NDC has “zero” credibility on Free SHS – Bawumia

Dr Bawumia says the National Democratic Congress has no credibility when it comes to implementation of the Free Senior High School policy

The vice-president of Ghana, Dr Mahamadu Bawumia, says the National Democratic Congress has zero credibility when it comes to the implementation of the Free Senior High School policy. 

Dr Bawumia questioned why John Mahama, who was the number-one critic of the government’s flagship Free SHS policy, now claims he is capable of implementing the policy better.

The opposition NDC, on Monday 7 September, launched its People’s Manifesto with a promise to implement the Free SHS better and extend it to private schools, among other things.

NPP achievements

However, Dr Bawumia doubts that the opposition NDC has what it takes to honour that promise.

“We have expanded school feeding and LEAP [the Livelihood Empowerment Against Poverty welfare programme], so you will find that there is a big difference between the economy being managed by Nana Akufo-Addo and Mahama,” the vice-president said.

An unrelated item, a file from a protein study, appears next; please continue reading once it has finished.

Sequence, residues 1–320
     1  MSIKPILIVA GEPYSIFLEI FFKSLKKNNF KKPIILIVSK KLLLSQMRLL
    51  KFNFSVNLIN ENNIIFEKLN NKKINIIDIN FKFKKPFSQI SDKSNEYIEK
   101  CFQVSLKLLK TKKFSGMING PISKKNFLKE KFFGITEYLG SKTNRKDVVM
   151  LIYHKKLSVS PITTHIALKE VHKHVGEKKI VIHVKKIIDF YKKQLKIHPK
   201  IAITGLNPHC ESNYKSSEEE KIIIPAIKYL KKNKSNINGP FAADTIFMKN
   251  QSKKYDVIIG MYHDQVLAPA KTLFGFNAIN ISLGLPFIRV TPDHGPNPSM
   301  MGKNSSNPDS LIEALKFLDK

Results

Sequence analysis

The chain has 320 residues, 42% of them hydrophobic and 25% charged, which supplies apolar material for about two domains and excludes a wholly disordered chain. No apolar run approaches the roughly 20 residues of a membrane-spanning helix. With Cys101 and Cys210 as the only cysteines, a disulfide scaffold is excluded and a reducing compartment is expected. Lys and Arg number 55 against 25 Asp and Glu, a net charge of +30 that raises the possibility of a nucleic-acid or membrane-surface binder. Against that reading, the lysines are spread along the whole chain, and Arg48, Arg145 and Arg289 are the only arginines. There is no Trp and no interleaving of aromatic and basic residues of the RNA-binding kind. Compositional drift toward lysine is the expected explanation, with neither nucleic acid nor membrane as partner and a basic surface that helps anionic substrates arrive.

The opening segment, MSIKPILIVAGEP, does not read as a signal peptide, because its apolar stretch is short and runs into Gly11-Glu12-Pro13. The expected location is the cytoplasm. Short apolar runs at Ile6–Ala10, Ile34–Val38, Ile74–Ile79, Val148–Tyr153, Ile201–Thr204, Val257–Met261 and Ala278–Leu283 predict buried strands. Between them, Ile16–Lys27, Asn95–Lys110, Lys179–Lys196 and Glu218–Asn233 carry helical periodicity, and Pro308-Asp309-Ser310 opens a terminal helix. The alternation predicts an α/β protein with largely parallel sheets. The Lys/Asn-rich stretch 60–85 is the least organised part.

“We restored the teacher training allowance and we have abolished the BECE examination fees for students. We have abolished the West African Senior School Certificate Examination (WASSCE) examination fee for students. They can now go and write without paying any exams fee.”

Dr Bawumia was addressing the chiefs and people of Jirapa during his three-day tour of the Upper West Region to canvass votes for the NPP ahead of the 7 December presidential and parliamentary elections.

The vice-president also accused the NDC of abolishing the teacher trainee allowance because they lack the financial muscle to execute the policy.

Intervention programmes

Chronicling the achievements of the Akufo-Addo government in various sectors of the economy over the past three and a half years, Dr Bawumia said the opposition NDC cannot boast of a single social intervention programme.

“For a social democratic party, they couldn’t do anything to mitigate the suffering of our people. For the people of the North they said they have the Savannah Accelerated Development Authority Programme (SADA). Even under the SADA programme they had $100 million to execute projects, but they cannot account for anything under the programme,” the vice-president said. 

Fred Dzakpata

Asaase Radio 99.5 – tune in or log on to broadcasts online.
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